Trump as an individual is something of a fluke. Most of the people who voted for him have little in common with him really. I know this because they are my peers, my extended family and friends to a great extent. He lost the national popular vote in a low turnout election. Trump won in large part because neither Obama nor the Clintons succeeded in building a Democratic Party that was seriously competitive in much of the country.

The big difference as of now is that Trump as president in our system still has far less power than the president in any of the East African countries. He will leave office at by the end of his lawful first term or his second if re-elected.

On balance, I think that we will see American policy in its relations with Kenya in the Trump years to continue to be largely a continuation of that under Obama, as reflected in the American approach to supporting both the 2013 election with John Kerry as Secretary of State and 2017 with Kerry as chief election observer and Rex Tillerson as Secretary of State, with Bob Godec as “our man in Kenya” throughout. Just as Obama’s relationship with Kenya in its policy aspects was primarily a continuation of the approach under George W. Bush.

There have been a few major inflection points in the American/Kenyan relationship in the last twenty years, but most have not been specific to whoever was president in either Washington or Nairobi.

The first,of course, was the al-Queda Embassy bombings in Kenya and Tanzania in 1998, kicking off the ongoing conflict between the U.S. and Kenya against various Islamist “violent extremists”. As reflected in the Mombasa rocket attack, the USS Cole bombing, the bombing in Kampala, the various attacks in Kenya, most notoriously the Westgate Mall and Garissa University killings, a persistent understood risk of terrorist incidents have been a regional “fact of life” since. For most Kenyans who are not well secured in their daily bread, and face many bigger daily risks of violent death, terrorism is not quite so central as is to Americans, but has still inevitably shaped both sides of the relationship over the last two decades. And in this context, after 9/11 and our ensuing land wars in South Asia, with the establishment of the Combined Joint Task Force-Horn of Africa base in Djibouti Kenya resumed its regional security role along the lines established in the 1970s and 80s when the United States was fighting the Cold War and Kenyatta and Moi wanted protection from Idi Amin and Siad Barre and the kind of relationship that would be useful to them in avoiding disruption to their domestic rule.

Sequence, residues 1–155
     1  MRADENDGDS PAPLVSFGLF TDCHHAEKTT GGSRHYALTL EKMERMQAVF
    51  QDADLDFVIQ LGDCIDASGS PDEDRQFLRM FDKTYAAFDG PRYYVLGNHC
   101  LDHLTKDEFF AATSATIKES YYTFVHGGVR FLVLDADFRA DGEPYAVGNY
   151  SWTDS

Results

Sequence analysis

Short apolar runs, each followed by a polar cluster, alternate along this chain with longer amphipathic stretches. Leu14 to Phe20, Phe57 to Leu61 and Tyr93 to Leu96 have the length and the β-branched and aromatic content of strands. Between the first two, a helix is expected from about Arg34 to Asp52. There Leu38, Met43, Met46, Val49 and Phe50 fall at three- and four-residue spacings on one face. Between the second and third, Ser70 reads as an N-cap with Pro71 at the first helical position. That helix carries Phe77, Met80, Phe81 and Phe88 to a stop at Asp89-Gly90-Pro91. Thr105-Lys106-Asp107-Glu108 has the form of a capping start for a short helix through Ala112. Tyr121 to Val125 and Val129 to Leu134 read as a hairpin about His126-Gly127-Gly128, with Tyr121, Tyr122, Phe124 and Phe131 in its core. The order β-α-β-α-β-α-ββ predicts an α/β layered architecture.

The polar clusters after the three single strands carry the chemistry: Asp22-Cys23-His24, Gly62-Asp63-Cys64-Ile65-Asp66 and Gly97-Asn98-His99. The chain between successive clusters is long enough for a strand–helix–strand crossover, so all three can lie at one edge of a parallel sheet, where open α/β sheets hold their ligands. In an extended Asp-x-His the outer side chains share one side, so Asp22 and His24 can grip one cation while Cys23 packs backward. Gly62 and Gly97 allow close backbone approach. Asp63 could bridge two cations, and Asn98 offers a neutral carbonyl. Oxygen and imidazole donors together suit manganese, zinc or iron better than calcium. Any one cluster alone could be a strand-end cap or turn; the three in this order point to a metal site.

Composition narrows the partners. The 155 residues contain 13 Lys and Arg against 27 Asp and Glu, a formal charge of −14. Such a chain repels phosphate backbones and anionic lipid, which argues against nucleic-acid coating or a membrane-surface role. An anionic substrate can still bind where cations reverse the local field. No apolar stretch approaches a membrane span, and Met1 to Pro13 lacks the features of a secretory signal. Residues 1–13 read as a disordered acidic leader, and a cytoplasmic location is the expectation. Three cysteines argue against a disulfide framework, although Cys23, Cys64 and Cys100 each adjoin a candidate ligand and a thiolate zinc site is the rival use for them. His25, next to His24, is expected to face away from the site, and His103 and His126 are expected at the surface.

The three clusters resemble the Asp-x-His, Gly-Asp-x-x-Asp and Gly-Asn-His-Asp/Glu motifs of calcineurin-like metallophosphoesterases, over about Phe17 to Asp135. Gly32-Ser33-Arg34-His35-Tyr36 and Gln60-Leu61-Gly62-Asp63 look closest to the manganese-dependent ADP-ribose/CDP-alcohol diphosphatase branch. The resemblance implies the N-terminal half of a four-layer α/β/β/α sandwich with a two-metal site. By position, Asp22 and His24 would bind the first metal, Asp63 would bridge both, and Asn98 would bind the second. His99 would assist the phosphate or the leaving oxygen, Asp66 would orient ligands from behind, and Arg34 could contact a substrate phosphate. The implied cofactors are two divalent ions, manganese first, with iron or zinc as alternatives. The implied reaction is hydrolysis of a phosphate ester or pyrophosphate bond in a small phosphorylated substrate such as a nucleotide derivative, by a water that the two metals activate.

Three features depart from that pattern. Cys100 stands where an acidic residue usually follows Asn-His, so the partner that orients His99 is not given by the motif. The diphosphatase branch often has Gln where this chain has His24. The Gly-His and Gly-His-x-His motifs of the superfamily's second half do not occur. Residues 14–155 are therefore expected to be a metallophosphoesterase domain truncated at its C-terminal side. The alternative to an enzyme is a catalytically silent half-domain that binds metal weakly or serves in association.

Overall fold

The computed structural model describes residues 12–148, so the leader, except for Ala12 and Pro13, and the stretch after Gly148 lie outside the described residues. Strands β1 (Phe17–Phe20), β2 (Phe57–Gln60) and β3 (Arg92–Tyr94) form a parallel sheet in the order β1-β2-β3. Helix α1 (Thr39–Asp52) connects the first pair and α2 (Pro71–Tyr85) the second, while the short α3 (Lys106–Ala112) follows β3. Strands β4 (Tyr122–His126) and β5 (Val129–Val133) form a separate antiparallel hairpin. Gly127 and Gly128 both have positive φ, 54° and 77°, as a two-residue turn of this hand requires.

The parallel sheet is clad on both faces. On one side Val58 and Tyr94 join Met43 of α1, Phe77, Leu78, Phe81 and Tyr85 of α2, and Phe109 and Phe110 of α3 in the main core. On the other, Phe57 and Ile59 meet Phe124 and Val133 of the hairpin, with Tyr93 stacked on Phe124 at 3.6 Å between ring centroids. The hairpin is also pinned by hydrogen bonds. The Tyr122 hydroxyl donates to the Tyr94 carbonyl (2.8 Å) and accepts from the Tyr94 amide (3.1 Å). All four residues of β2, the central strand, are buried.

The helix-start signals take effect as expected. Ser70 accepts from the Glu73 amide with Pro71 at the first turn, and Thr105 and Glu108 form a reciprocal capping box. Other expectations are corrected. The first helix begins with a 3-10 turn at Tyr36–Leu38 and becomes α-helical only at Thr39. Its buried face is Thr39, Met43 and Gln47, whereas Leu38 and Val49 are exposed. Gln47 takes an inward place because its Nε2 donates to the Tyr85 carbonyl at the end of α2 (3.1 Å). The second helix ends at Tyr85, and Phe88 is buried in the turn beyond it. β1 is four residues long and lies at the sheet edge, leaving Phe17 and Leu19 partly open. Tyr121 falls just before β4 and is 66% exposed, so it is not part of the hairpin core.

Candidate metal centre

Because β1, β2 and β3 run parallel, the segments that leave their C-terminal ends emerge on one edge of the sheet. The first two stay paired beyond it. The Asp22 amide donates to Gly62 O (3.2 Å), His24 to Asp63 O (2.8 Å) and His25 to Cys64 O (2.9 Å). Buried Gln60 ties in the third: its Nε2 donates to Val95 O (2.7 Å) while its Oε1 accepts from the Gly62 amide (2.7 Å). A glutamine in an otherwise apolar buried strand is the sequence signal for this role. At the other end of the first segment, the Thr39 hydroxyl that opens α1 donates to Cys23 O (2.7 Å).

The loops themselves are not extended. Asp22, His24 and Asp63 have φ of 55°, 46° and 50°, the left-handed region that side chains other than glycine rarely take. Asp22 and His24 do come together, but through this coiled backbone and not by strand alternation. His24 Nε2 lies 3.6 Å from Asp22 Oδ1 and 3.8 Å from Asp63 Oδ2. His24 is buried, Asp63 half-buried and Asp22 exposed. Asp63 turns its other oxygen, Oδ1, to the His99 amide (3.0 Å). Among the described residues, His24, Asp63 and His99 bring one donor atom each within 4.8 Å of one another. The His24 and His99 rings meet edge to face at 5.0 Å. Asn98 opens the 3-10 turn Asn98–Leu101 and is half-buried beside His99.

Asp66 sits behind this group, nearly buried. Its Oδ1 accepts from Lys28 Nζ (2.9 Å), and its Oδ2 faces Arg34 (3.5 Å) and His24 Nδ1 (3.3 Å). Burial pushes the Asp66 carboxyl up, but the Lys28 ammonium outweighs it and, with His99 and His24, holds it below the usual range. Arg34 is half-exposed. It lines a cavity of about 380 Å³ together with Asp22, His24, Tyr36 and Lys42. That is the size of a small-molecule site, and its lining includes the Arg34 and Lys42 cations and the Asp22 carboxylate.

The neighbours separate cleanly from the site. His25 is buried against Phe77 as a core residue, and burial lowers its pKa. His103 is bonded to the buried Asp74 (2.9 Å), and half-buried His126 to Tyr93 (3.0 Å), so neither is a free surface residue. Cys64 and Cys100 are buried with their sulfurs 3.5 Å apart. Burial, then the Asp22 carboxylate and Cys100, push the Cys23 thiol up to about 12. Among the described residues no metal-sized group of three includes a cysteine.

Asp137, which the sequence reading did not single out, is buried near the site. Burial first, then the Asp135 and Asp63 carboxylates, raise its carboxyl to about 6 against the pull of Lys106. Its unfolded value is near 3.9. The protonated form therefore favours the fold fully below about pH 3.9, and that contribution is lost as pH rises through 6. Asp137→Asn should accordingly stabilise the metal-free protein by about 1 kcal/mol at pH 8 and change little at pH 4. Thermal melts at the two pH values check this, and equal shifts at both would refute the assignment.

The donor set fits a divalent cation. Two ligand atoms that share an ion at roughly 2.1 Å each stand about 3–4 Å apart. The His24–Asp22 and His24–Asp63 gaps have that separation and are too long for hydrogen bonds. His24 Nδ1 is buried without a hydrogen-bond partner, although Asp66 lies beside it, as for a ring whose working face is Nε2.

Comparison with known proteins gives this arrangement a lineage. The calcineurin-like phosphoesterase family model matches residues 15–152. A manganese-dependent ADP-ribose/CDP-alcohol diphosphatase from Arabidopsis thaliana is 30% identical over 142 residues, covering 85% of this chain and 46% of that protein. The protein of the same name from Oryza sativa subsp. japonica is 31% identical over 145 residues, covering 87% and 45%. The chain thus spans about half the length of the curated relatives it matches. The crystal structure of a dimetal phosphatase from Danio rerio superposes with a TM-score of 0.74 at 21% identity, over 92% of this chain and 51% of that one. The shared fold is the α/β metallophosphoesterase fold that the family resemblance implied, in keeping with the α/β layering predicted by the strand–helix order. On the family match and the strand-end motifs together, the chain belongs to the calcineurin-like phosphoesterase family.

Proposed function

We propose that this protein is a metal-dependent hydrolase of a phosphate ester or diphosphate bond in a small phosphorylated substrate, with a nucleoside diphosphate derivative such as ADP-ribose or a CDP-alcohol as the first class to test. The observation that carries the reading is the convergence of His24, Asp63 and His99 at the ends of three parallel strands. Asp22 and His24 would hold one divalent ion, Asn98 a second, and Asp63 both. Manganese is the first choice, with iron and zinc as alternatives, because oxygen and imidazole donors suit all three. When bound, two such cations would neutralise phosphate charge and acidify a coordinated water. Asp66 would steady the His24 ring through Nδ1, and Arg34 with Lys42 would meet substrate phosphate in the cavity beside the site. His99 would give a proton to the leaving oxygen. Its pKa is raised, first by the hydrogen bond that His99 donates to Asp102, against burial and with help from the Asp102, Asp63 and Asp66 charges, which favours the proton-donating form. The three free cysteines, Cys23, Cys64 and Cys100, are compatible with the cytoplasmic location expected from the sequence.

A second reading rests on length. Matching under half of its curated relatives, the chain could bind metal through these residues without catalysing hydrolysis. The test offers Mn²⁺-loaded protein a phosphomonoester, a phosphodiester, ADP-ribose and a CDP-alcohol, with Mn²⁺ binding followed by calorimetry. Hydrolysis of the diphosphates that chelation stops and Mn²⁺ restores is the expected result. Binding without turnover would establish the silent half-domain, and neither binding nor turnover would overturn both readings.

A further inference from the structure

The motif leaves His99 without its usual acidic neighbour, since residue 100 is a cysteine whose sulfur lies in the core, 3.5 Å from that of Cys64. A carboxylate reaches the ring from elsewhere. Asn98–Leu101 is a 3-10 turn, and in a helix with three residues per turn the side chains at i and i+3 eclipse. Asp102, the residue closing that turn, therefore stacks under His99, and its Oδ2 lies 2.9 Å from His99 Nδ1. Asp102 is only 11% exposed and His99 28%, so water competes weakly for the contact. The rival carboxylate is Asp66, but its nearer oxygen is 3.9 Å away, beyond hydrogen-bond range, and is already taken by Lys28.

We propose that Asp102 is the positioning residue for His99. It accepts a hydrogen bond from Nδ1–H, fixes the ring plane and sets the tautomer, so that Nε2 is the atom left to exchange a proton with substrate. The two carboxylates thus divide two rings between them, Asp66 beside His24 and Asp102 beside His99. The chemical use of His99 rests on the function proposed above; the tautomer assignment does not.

The next inflection point, albeit of lesser magnitude from an American standpoint, was the retirement of Moi and the transition to NARC and Kibaki.

Next was the demise of NARC and the failure of constitutional reform with the 2005 referendum. Relatedly the Anglo Leasing scandal showed security and counter-terrorism were for sale at high levels along with the baseline of corruption in the police and security services that let terrorists move about and in and out of the country. The Artur Brothers and the Standard flamboyantly highlighted the rot.